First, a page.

Unlawful Dismissal Lawyer

The Fair Employment and Housing Act prohibits an employer from dismissing/discharging an employee based on his or her: sexual orientation, age, gender, race, color, physical or mental disability; medical condition; national origin, marital status, pregnancy, childbirth, or related medical conditions, religious creed, or ancestry. Gov. C. § 12940(a). It is unlawful for an employer to dismiss an employee from employment because of any of the characteristics mentioned above. Gov. C. § 12940(a).

Unlawful Dismissal Due to Sex or Gender

It is unlawful for an employer to dismiss an employee from employment because of the employee’s sex or gender. Gov. C. § 12940(a). One of the common forms of discrimination by employers is to discriminate based on a gender stereotype. In other words, an employer may discriminate by saying that the employee failed to act like a man or woman.

For example, an employer may receive complaints from male regional managers about a female employee, who is a store manager. The regional managers complained to the employer that the female employee was too loud and aggressive towards customers and her co-workers at the store. They also made comments about her pants and her hair style. They mentioned that the clothes she wears and her hair style make her look like a man. The regional managers might have even said that she acts too much like a man and that she should act more like a woman. After hearing of these complaints, the owner of the company fires the woman employee and says that it is because she is not feminine enough. If you find yourself in a situation similar to this, contact the Los Angeles employee lawyers at our office.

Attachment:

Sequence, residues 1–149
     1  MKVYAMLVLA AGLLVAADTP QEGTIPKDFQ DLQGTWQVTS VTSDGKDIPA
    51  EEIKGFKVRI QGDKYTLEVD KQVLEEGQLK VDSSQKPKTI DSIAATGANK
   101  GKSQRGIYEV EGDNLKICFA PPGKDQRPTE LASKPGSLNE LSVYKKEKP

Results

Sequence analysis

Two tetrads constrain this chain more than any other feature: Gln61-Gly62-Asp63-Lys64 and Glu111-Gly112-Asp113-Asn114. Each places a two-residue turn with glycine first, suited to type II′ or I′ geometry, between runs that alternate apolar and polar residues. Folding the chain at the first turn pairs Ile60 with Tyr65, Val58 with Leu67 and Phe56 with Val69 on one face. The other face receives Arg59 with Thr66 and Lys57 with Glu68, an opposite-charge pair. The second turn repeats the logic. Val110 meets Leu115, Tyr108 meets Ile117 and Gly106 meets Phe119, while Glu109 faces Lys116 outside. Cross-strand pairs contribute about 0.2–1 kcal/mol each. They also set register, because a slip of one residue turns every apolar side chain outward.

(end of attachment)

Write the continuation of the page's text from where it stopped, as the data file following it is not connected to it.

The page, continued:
Unlawful Dismissal Due to Age

It is unlawful for an employer to dismiss an employee from employment because of the employee’s age. Gov. C. § 12940(a). Under this section, age refers to individuals who are over 40 years old. Many times, employers dismiss employees solely because of their age, not because they lack the ability to perform their jobs. Employees are protected from this type of unlawful dismissal.

For example, a sales person has just turned 50 years old. The sales person has been working for the same employer for 8 years and he or she has always met the necessary quarterly sales goals. However, once the sales person turned 50, the employer decided to dismiss the sales person because he or she thought that the sales person was too old for the position. In addition, his younger co-workers who had similar jobs (sales jobs) retained their jobs. Two weeks after he or she was dismissed, the employer hired a 30 year old employee for that same position. If you find yourself in a situation similar to this, contact the Los Angeles employee lawyers at our office.

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If you have been unlawfully dismissed from your workplace, contact California's top wrongful termination attorneys at 323-857-5900.